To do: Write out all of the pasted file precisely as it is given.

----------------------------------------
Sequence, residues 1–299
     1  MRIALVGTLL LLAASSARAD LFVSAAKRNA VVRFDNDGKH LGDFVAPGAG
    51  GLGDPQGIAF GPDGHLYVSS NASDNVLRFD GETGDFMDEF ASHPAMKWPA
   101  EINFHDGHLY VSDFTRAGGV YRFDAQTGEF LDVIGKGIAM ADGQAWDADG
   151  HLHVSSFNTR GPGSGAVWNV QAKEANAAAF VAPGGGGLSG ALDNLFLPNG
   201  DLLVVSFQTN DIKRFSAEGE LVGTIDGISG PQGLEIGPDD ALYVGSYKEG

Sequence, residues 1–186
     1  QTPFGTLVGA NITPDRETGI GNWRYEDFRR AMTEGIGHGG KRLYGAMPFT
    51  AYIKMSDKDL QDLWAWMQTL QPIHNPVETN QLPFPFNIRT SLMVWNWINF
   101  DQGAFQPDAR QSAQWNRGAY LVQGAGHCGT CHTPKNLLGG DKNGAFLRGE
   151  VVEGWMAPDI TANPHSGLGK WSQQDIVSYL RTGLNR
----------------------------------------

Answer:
Sequence, residues 1–299
     1  MRIALVGTLL LLAASSARAD LFVSAAKRNA VVRFDNDGKH LGDFVAPGAG
    51  GLGDPQGIAF GPDGHLYVSS NASDNVLRFD GETGDFMDEF ASHPAMKWPA
   101  EINFHDGHLY VSDFTRAGGV YRFDAQTGEF LDVIGKGIAM ADGQAWDADG
   151  HLHVSSFNTR GPGSGAVWNV QAKEANAAAF VAPGGGGLSG ALDNLFLPNG
   201  DLLVVSFQTN DIKRFSAEGE LVGTIDGISG PQGLEIGPDD ALYVGSYKEG

Sequence, residues 1–186
     1  QTPFGTLVGA NITPDRETGI GNWRYEDFRR AMTEGIGHGG KRLYGAMPFT
    51  AYIKMSDKDL QDLWAWMQTL QPIHNPVETN QLPFPFNIRT SLMVWNWINF
   101  DQGAFQPDAR QSAQWNRGAY LVQGAGHCGT CHTPKNLLGG DKNGAFLRGE
   151  VVEGWMAPDI TANPHSGLGK WSQQDIVSYL RTGLNR